Larry Riggsbee, associate director at Sumner County (Tenn.) Schools and longtime advocate for pupil transportation in the state of Tennessee, has been named SCHOOL BUS FLEET’s 2005 Administrator of the Year.

The 32nd annual award was presented to Riggsbee at the National Association for Pupil Transportation (NAPT) conference at the end of October in Austin, Texas. Riggsbee has been with Sumner County Schools since 1980. He is responsible for the daily operations and management of a transportation program that serves 28,000 students. He is also the executive director and executive secretary of the Tennessee Association of Pupil Transportation (TAPT) and chairman of the Tennessee Pupil Transportation Advisory Committee. Additionally, he recently helped launch a national school bus stamp initiative.

As a consultant, Riggsbee uses his leave time and vacation days to lend his expertise in transportation program management. He has helped conduct pupil transportation cost and management studies for various states and Tennessee counties.

Is it best for the children?
Riggsbee helped make the TAPT an independent entity, separate from the Tennessee state government, and has served two stints as president of the organization (1982 and 1995), which represents pupil transporters in all 95 counties in the state. The TAPT has become the conduit for state government in making decisions about pupil transportation. Riggsbee also helped launch the organization’s conference that draws more than 300 attendees and 45 exhibitors annually.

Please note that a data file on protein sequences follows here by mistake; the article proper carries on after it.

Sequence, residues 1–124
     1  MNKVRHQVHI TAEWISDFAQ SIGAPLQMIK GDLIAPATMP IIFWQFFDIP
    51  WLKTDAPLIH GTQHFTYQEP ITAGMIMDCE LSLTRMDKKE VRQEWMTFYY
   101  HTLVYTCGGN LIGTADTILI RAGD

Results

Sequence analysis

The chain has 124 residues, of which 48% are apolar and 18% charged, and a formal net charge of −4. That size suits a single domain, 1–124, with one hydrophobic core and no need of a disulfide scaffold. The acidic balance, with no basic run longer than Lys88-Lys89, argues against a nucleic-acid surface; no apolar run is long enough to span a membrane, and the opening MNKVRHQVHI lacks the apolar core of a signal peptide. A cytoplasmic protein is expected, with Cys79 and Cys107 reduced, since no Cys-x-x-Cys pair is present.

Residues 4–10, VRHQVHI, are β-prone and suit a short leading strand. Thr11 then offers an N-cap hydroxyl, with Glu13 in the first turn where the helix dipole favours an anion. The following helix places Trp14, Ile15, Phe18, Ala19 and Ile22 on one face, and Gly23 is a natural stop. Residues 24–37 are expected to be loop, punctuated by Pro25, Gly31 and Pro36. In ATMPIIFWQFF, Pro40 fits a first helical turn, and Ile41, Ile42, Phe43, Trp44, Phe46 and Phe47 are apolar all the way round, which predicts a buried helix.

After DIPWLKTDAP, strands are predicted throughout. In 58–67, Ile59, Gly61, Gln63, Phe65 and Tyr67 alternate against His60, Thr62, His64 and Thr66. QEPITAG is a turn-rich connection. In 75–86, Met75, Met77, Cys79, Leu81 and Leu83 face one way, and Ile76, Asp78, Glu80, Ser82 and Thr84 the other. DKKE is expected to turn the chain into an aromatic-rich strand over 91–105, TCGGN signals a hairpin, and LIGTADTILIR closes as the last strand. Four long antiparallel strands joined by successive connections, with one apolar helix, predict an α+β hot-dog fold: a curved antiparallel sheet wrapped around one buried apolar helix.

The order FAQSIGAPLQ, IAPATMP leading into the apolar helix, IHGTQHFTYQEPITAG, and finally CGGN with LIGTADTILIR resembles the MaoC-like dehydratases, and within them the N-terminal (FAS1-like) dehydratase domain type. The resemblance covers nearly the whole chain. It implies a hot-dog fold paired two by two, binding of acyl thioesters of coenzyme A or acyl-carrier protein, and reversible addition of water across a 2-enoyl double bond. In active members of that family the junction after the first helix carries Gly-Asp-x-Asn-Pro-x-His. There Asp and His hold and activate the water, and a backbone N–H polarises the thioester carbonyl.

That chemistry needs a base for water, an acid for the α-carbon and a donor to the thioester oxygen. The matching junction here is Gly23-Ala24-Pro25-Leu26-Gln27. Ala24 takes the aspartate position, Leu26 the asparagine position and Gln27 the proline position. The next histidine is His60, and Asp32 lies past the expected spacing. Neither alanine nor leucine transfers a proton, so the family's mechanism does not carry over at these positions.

As chairman of the Tennessee Pupil Transportation Advisory Committee, Riggsbee and his associates are often called on to advise the state Board of Education in important matters regarding transportation.

To remind him of his mission to meet the needs of the young people he serves, Riggsbee keeps a sign above the door in his office that simply asks, “Is it best for the children?”

“I always keep that in mind and require everybody in my office to think about that anytime we’re making important decisions,” Riggsbee says. “If it’s not the best thing for the children, or if it’s not going to benefit the children in some way, then I probably won’t do it.”

School bus stamp initiative
On March 2, in Cumberland City, Tenn., school bus driver Joyce Gregory was shot and killed by one of her riders. As a reaction to that incident, Riggsbee began a campaign to create a school bus stamp — with Gregory in mind — that would honor the thousands of school bus drivers who play a vital role in the educational system and the lives of children.

Riggsbee and the TAPT soon enlisted the help of the NAPT to spread the word about the stamp campaign nationally, and together they urged pupil transportation professionals and other educational service employees to write letters to the U.S. Postal Service’s Citizens’ Stamp Advisory Committee.

Although he doesn’t yet know what the committee’s final decision will be (he doesn’t expect to know until around 2007), Riggsbee says he is proud of the awakening and the drive that have occurred on the heels of such a traumatic experience. He also is hopeful that the group’s next national campaign will be to enlist the help of the public in designing the stamp.

As far as retirement goes, Riggsbee says that despite the fact that he’s “on the downhill side of the mountain,” he couldn’t see himself doing anything else but dedicating his time to pupil transportation.

“I just know that I’m not going to be able to go home and make birdhouses,” he says. “When my tenure is over and done here, I’m going to have to find a job in transportation somewhere.”